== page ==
image file: c5lc01201e-f7.tif
Fig. 7 Measured entry time and travel time changes recorded as single MDA-MB-231 cells before and after treatments with free-drug (in A and B) and NP-packaged SphKIs (in C and D) pass through the constriction channel.

To investigate if the effects of NPs on the cell biophysical properties are dependent on NPs size and/or composition, we tested MDA-MB-231 cells treated with unloaded PLGA NPs having mean diameter of 50 μm and 300 μm; we also examined effects of liposomal NPs. The results confirmed that the NPs at least within the tested type and size range have minimal effects on the measured cell bioimpedance. On the other hand, the cell entry/travel time measurements are dependent on NPs' size and type.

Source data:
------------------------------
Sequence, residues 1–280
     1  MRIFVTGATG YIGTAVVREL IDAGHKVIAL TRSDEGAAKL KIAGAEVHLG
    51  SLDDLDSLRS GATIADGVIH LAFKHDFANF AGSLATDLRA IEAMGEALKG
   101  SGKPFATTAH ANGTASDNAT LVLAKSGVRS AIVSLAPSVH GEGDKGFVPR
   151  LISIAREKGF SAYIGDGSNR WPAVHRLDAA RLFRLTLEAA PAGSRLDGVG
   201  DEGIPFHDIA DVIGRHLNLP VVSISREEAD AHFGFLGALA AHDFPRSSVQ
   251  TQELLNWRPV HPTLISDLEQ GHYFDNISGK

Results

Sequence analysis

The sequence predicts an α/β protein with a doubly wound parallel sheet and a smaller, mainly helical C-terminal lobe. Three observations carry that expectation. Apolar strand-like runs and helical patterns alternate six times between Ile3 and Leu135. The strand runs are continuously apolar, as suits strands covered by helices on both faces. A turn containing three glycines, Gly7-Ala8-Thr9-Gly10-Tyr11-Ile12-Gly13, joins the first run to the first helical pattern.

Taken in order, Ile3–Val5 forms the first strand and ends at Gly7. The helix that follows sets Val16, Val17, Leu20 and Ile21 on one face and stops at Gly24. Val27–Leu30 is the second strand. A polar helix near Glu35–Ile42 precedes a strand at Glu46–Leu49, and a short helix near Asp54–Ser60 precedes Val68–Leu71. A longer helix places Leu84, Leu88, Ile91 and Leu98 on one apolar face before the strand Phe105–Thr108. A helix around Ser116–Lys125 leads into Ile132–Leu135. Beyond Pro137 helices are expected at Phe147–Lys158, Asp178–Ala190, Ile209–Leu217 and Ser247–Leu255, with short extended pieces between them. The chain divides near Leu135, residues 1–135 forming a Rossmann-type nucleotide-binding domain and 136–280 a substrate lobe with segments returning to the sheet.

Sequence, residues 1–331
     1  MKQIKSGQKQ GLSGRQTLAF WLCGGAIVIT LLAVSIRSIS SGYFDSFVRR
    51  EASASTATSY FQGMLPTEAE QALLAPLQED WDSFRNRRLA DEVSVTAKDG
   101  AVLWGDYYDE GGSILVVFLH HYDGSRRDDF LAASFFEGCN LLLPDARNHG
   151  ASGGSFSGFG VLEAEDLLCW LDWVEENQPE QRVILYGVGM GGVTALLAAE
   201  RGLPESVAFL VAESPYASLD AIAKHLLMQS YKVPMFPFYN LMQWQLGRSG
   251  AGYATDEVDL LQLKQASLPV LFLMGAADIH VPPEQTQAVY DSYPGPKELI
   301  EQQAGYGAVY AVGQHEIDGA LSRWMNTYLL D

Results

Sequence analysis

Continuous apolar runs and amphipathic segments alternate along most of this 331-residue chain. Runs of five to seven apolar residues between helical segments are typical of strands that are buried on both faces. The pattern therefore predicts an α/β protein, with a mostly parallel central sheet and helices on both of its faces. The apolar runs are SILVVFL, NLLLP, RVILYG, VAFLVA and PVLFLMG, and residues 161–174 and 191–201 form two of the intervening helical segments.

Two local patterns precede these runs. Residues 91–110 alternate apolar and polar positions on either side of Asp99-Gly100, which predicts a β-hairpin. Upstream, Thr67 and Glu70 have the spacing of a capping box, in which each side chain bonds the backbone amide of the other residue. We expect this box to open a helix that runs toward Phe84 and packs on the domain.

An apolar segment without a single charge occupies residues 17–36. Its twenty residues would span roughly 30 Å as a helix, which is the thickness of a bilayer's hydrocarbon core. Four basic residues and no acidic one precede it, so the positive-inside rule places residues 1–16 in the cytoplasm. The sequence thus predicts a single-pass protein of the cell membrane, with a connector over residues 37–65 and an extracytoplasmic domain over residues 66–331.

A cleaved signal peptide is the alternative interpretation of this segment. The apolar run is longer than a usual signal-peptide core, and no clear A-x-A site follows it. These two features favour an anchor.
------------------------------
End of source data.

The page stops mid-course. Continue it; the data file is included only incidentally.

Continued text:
Cell biomechanical changes are attributed to the reorganization of the cell cytoskeletal proteins where actin filaments have been found to play the dominant role.54 Actin filament structure organizations were monitored using immunofluorescent staining to correlate the changes in the cell deformability to the alterations in their intracellular cytoskeleton. Fig. 8(A–E) shows the actin filaments of the untreated cells compared to the cells after SphKIs and NPs treatments. Accordingly, while the presence of NPs considerably regulated actin fiber organization, SphKIs treatment deregulated them. Moreover, the actin filament relative intensity from fluorescence staining was measured to identify the contribution of these changes in biomechanical properties of cells. Actin content intensity was obtained from at least three fluorescence stained images using ImageJ software and the results are shown as the mean ± SD (P < 0.01) in Fig. 8F. The intensity decreased after SphKIs treatment. This value was 16.6 for the untreated aggressive MDA-MB-231 cells while reduced to 5.5, 9.3, and 12.8 after treatments with SphKI1, SphKI2, and DuaLI, respectively. Furthermore, the level of fluorescence intensity for the cells noticeably increased to 22.3 after unloaded NPs treatment. In other words, treatment with the SphKIs reduces the actin microfilament intensity by approximately 66%, 44%, and 23%, for SphKI1, SphKI2, and DuaLI, respectively, while the presence of NPs led to an increase in content of actin by 34%.